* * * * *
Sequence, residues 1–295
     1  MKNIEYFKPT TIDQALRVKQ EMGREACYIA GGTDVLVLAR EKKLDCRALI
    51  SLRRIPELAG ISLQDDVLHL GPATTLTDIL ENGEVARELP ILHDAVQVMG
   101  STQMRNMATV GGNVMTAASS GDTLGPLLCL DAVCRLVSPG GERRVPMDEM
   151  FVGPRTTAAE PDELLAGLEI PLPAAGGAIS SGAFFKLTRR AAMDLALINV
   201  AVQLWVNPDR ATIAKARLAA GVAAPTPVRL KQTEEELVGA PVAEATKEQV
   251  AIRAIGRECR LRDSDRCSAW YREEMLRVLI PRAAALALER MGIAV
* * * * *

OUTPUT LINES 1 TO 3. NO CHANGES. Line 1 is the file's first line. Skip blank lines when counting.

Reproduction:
Sequence, residues 1–295
     1  MKNIEYFKPT TIDQALRVKQ EMGREACYIA GGTDVLVLAR EKKLDCRALI
    51  SLRRIPELAG ISLQDDVLHL GPATTLTDIL ENGEVARELP ILHDAVQVMG